Psychoeducational group therapy focuses on educating members about their conditions and providing them with the new coping strategies. These groups usually do go on to focus on a specific condition, such as substance use disorder, anxiety, or even phobias.
Skills development groups
Skills development groups focus on introducing plus improving the skills that the members need to cope while dealing with certain mental health conditions. These groups may even incorporate aspects of psychoeducational groups.
Still, the overall goal involves strengthening the members through behavioural and cognitive resources to help them make the positive choices and avoid harmful situations.
Cognitive behavioural groups
Cognitive behavioural group therapy attempts to restructure the beliefs a person has that lead to negative or harmful behaviours. For example, cognitive behavioural groups go on to focus on substance use disorder by beginning to identify situations and environments that trigger the addictive behaviour.
With this understanding, members develop the management strategies that support reduced use.
Support groups can even help people cope with significant life changes, such as the loss of a loved one.
In support groups, members give and even receive an unconditional acceptance. The group also encourages its members to totally reflect and review their personal beliefs and behaviours.
Interpersonal process groups
The interpersonal process group model uses the psychodynamic approach to promote positive change. Psychodynamics is a school of psychology that views a person’s early life experiences and subconscious beliefs plus feelings to be the foundation of their personality and behaviours. Interpersonal process groups focus on interpersonal group dynamics and less on individual psychology.
Is it effective?
Group therapy appears to be quite effective for depression.
Group therapy for depression concludes that group treatment can lead towards significant improvements at both the group and an individual level.
The positive effects of group therapy can even be seen on substance use disorders. It is found that group therapy has moderate effects on the mental state compared with no treatment and that people in group therapy are more likely to abstain from future use than those not enrolled in the treatment.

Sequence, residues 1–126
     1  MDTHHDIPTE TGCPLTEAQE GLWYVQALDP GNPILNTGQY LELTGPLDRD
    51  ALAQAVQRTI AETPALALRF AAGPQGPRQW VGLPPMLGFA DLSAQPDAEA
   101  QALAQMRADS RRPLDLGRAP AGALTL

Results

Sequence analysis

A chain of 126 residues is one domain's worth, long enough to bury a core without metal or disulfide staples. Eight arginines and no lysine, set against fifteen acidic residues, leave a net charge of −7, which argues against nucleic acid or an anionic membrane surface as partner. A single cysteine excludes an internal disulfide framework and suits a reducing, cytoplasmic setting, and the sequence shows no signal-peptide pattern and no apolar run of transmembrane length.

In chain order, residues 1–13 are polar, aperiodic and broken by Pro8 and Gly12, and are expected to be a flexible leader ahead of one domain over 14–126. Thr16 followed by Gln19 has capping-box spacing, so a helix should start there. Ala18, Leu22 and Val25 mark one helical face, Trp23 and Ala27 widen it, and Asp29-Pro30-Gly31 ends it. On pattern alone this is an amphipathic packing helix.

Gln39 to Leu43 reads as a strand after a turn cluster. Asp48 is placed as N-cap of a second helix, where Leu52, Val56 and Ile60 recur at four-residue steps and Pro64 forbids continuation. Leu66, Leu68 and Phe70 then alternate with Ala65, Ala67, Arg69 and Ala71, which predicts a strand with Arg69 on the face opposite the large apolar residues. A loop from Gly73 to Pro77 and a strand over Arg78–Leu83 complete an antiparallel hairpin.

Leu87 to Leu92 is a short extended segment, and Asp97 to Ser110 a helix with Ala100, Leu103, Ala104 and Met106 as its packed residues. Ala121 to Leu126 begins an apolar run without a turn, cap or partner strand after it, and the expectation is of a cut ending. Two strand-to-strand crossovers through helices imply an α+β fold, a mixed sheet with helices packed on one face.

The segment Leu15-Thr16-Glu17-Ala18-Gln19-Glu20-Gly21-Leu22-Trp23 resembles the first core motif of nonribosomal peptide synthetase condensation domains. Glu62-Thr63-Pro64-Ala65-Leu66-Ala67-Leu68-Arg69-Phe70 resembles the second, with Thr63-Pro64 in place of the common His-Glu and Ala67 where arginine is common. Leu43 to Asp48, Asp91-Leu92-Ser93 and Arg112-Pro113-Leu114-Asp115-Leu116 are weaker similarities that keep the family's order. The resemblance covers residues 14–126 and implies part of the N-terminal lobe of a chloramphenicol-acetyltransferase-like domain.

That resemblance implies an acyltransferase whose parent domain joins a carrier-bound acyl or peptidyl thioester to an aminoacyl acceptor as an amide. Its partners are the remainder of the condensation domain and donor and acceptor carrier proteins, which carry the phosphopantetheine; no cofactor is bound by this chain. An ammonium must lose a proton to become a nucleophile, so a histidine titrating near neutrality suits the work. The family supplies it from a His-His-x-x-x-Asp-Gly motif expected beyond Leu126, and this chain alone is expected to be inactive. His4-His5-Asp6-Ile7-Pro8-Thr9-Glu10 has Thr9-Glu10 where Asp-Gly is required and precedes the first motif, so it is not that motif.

Benefits Group Therapy may provide:
- A safe place for people sharing their feelings and exploring the nature of their mental health condition
- A place to receive support from and then give support to others who are experiencing similar difficulties
- Exposure to new behaviours, thoughts, and beliefs that may shift people’s perspectives
- A place where people feel that they are not alone
- Absorbing positive support systems
- A more cost effective alternative towards one-on-one therapy sessions
What to expect
Group therapy involves one or more psychologists who lead small groups with say up to 15 members. Group sessions go on to meet once per week and last for around 1–2 hours.
Group therapy sessions can occur in healthcare settings and community centres, such as therapy offices, hospitals, and even libraries. Groups will also go on to meet in a quiet room with the chairs in a circle so that the group members can see each other.
My routines come out of total unhappiness. My audiences are my group therapy. – Joan Rivers
At the beginning of a session, group members will introduce themselves and share their reasons for attending group therapy. They may also go on to discuss their progress and any obstacles or setbacks that they have experienced since the last meeting.
Please note that the exact activities in the group therapy sessions will go on to vary from group to group. However, such activities tend to focus on promoting the open, honest communication and establishing very strong trust between group members and their psychologists.
How to find group therapy
People can find certified group therapists through psychotherapy websites. Also, those who are currently working with a mental healthcare practitioner can even ask for referrals or recommendations.
Factors to consider
People may want to consider the following factors when searching for group therapy:
- Whether or not they wish to join a group that focuses on a specific experience or even a mental health condition
- Whether or not they prefer certain group therapy models
- Whether they want to attend group therapy sessions in person or online
- Whether or not they feel more comfortable talking to people from similar backgrounds as them
Cost, coverage, and affordable options
Group therapy costs do tend to vary while depending on the therapist, the size of the group, and even the location. Group therapy usually costs less than individual therapy because the therapists will always work with multiple people at once.
Group therapy offers an alternative to an individual therapy.
In group therapy sessions, people can go on to meet others who share very similar experiences. One or more certified psychologists or other mental healthcare practitioners go on to lead the group therapy sessions.
There are many different types of the group therapy model. However, most groups tend to focus on introducing members to new, more positive behaviours so that they can better cope with significant life events and even mental health symptoms.